Artists seeking publicity claim faking of their works: Neville Tuli (Interview)

January 23rd, 2009 - 1:50 pm ICT by IANS  

Amitabh BachchanJaipur, Jan 23 (IANS) Neville Tuli, chairman and founder of Osian’s Connoisseurs of Arts - the country’s biggest private art auction house, feels that the lack of authentication of art works in India leads to faking while many artists also claim that their works have been forged to gain publicity. “Works are not authenticated and art still comes without receipts. This allows room for art to be faked. Moreover, many artists like to claim that their works have been faked to seek easy publicity,” Tuli told IANS in an interview.

Tuli, one of the sponsors of the Jan 21-25 Jaipur Literature Festival, has brought to the event “Bachchanalia: The Films and Memorabilia of Amitabh Bachchan” - the maiden publication of the Osian’s Centre for Archiving, Research and Development (CARD).

“The book covers almost everything about the superstar. It is our endeavour to make people fall in love with books, especially colourful biographies again,” he said.

According to Tuli, wealth generated through commerce based on art and culture should be ploughed back into ventures that further the cause of creativity.

“From creativity flows knowledge, which in turn generates wealth. This wealth must be ploughed back to create basic or lasting heritage,” he said.

Excerpts from the interview:

Q: The art fraternity was rocked by a show of fake works of S.H. Raza on Jan 18 in New Delhi. Is the problem of fake art assuming a grave proportion?

A: Show me one thing in this world that is not fake. Even relationships are fake. Only 15 artists command the market. Think of the millions of artists who are trying to get a toehold. The top ones sell for Rs.10 million but the lesser-known ones barely manage Rs.10.

The market here has no underbelly - people deal in cash and the concept of cataloguing is yet to catch on. Works are not authenticated and art still comes without provenance certificates and receipts. This allows room for art to be faked. However, the fake market is still miniscule.

People in this country do not how to authenticate the art works that they buy. Moreover, many artists like to claim that their works have been faked - they are like charlatans, seeking easy publicity.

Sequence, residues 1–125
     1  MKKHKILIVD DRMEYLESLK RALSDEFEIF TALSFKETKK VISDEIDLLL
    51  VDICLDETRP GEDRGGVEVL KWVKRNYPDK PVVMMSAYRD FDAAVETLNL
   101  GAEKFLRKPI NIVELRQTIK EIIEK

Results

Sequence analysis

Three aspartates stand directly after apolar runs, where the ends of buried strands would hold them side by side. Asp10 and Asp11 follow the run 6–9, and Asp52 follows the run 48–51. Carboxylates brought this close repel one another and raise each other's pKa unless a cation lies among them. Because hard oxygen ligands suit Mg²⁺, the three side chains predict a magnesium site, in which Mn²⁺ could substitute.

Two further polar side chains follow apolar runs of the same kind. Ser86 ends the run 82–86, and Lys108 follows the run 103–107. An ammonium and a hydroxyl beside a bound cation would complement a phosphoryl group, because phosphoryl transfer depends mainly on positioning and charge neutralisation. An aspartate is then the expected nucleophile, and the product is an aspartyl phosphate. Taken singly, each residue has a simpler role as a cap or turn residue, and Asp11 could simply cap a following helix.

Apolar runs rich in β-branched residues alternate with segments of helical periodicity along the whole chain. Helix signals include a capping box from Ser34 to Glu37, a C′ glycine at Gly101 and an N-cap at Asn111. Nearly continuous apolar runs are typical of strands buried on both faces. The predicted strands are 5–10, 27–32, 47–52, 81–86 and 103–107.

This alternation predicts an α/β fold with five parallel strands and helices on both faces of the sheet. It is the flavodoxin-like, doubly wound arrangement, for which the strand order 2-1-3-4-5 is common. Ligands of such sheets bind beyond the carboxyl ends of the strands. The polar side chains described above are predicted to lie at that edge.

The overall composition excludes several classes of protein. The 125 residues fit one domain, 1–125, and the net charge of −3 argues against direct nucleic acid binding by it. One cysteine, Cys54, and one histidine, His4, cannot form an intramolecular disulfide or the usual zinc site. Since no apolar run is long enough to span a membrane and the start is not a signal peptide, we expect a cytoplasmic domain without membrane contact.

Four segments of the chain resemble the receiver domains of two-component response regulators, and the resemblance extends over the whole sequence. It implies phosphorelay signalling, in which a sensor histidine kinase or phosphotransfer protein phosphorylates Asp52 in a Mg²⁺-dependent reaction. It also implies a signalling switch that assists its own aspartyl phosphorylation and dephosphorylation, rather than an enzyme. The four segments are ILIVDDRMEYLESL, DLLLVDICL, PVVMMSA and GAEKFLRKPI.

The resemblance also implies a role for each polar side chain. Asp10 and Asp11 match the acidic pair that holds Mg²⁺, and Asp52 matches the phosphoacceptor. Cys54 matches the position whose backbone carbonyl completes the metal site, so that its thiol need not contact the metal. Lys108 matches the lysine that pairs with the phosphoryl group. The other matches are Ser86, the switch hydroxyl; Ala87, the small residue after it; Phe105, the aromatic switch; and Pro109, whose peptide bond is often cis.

Q: Is the art market reeling under the impact of the meltdown?

A: The whole system may be going through a slump but art is holding out much better. People have sold rubbish during the boom, but the meltdown has distilled the market.

Saleable art has a history of only 110 years. The century has churned out thousands of artists every year but in reality only 15 or so artists command 80 percent of the market. These 15 do not get influenced by changes in the money market.

Q: You have just launched your design and publishing wing. What spurred it?

A: We launched our design and publishing wing on Jan 3 with the biography of Amitabh Bachchan, co-authored by Bhavna Somaaya. The book covers almost everything about the superstar. It was our endeavour to make people fall in love with books, especially colourful biographies, again.

We researched Bachchan’s cinema in the context of Indian and world cinema. The names of the movies appear as the masthead on each page and the parallel history of his films runs along the bottom of the page as context. The seeds of “Bachchanalia” were sown by Somaaya in her first book “Amitabh Now and Forever” in 2001.

We have 50 books on art and popular culture to our credit. Our publishing and design section is a natural extension of the cataloguing that we do.

Q: How would you describe Osian’s? What is its credo?

A: Do not call it an auction house or an archive. We have built an institution - perhaps the country’s largest - with sponsorship from the government. It is a $250 million company now, which operates on a cost-subsidised framework.

The auction house generates wealth by sale of art and related material. The archive spends it on enhancing knowledge pools. It took us at least 20 years to build the platform.

Q: What is it that binds creativity and commerce?

A: From creativity flows knowledge, which in turn generates wealth. This wealth must be ploughed back to create basic or lasting heritage. If you can sustain creativity long enough to make it institutionalised without transforming yourself and compromising on your ideas, you have got a head-start.

Q: Is it difficult to balance the two?

A: No, it is not difficult to balance the two. I have an obligation to share knowledge bases effectively with the world. That is the reason I am funding this literature festival - where one is supposed to get to know something about writing and authors.

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